A rainy day in Nord-de-Pas-Calais


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Europe » France » Nord-Pas de Calais » Saint-Omer
August 24th 2013
Published: August 30th 2013
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It had to happen at some time although we probably would have preferred the drizzly rain to have occurred when we were driving between destinations.

Never mind however because we have an indoor attraction to go to today and the tour of it will take a couple of hours at least.And what an absolutely amazing place it turned out to be and so well preserved and displayed.More about that in a minute.

We have everything we could need in this apartment and we are already thinking that we shall be sorry to have to move on when the time comes.

Romuald had told us that the nearest large town of St Omer had a very good market on a Saturday morning and so we headed for that first fearing that with the drizzle it might not be on or as extensive as it might usually be in dry weather.

Because we have been blessed with so many fine, sunny days and the buildings in towns and villages look so much more attractive and interesting when the sun is shining.And so it was today as we entered St Omer where the stone buildings all looked grey and drab under the overcast sky.

As we expected the streets were narrow in this previously walled city which was established in the 7th century.Today little of the original wall remains as they were removed as the town's residential building needs extended with industries established in the area.

We were wrong about the market on being on or reduced in size because of the drizzly rain.There were cars everywhere at the area where the market was being held and not a car park within a kilometre.We decided not to bother with the market and headed instead for Wizernes a couple of kilometres further on from St Omer and to the attraction we were heading for,La Coupole(The Dome).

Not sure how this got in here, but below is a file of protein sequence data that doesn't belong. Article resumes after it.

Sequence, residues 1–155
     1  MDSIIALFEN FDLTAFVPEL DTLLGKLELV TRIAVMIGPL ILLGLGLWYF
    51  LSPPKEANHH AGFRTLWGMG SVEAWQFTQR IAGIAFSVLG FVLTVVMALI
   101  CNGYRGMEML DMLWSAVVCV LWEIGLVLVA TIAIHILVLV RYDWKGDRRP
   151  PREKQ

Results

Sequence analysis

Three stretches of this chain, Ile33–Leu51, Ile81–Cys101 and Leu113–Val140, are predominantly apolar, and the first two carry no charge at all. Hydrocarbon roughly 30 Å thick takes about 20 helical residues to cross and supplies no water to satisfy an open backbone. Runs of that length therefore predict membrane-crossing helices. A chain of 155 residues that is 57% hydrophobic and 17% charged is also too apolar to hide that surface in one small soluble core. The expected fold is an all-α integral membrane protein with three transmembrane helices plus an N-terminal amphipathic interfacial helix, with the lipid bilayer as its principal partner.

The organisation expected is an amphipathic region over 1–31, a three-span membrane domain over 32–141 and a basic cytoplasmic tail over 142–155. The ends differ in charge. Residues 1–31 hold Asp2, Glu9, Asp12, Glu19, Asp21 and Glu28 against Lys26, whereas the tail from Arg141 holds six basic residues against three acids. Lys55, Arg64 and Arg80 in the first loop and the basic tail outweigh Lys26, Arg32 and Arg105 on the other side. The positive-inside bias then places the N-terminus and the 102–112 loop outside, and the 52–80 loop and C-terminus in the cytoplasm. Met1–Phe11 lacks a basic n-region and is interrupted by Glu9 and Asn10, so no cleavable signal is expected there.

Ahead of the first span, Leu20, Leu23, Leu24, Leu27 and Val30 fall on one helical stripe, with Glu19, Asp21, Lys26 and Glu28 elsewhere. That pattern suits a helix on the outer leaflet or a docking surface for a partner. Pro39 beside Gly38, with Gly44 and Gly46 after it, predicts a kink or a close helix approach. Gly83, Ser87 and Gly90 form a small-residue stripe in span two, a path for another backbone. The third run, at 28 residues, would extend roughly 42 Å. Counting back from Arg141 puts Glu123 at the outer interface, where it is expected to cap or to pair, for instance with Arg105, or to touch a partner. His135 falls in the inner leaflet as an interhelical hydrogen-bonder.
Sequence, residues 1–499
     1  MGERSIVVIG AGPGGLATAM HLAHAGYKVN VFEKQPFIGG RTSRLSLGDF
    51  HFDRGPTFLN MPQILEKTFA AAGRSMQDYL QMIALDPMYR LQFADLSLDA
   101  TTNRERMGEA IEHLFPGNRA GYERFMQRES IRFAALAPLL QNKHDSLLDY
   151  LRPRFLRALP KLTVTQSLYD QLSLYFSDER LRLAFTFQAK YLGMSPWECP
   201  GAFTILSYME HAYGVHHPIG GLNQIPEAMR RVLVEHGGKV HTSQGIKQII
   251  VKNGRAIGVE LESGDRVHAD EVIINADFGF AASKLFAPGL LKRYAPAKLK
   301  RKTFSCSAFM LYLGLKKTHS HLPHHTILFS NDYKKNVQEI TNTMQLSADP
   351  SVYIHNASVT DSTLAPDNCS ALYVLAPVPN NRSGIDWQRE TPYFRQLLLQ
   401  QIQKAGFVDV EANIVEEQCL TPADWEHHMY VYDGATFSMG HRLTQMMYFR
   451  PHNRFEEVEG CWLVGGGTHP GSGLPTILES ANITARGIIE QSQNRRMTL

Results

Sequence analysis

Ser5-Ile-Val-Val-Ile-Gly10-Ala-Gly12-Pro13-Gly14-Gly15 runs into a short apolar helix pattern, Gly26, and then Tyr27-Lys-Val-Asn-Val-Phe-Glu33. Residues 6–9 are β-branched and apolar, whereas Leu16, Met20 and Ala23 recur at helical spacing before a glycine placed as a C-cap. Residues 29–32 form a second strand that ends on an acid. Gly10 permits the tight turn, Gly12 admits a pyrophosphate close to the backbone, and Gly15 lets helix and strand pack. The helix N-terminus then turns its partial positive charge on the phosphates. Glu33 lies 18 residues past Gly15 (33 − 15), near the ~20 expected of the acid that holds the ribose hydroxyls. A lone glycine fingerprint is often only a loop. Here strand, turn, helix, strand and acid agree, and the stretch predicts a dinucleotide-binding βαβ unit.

It was here that the Germans,from 1943 -1945, built a massive fully reinforced concrete bunker in the side of a disused chalk quarry to launch their V-2 rockets aimed at England.

The site has been very well preserved and contains the tunnels dug for the operation of the launching of the rockets and also a history museum about life under the German occupation in NorthWest France including a memorial to the people of the area who were shot or deported during the occupation.

Although it was cool outside with the drizzly rain falling,it was even cooler when we entered the underground bunker and we were pleased we had our sweaters on.The tour starts with a heartrending video featuring a woman who had come to the area as a child with her family from Poland before the war started but caught up along with her family and sent to Auschwitz in a round up by the Nazis in 1942.She was one of the very small number who survived and was freed by the Allies in 1945.

As part of the entry fee you receive an audio guide that started up as you came to each exhibition to give you the background of what you were looking at.There was also a number of films taken during the period showing the building of the bunker complex,the development of the V-1 and V-2 also about Wernher von Braun who was the mastermind behind the development of the rocket and a member of the Nazi party.Interestingly,the Americans whisked him and many other German space and rocket scientists off to the USA at the end of the war where he became the principal in the US Space Programme and the development of the Saturn Rocket.

We spent a very informative 2 1/2 hours in the underground bunker and were pleased we had it to come to considering the drizzly rain.For more information on La Coupole for those readers who may visit the area the website is www.lacoupole-france.co.uk/history-centre/ We would certainly recommend it to anyone with an interest in the history of WW2,the V-1 and V-2 rockets and also life under the German occupiers in NorthWest France.

The rain hadn't let up so after finding a supermarket for some essential items to fill the larder we headed back for the apartment and a very late lunch.

The rain finally stopped around 4pm and we took ourselves out for a walk around the 5 or 6 streets that make up the village just to get some exercise.There wasn't anyone out and about although we had the feeling the locals were watching us from behind their curtains.

Hopefully tomorrow the weather will have improved to at least be dry for the day as we plan a drive to the WW1 battlefields and cemeteries south east of Buysschuere and also the NZ memorial at Longueval and the Wellington Quarry Museum in Arras(more about that tomorrow)

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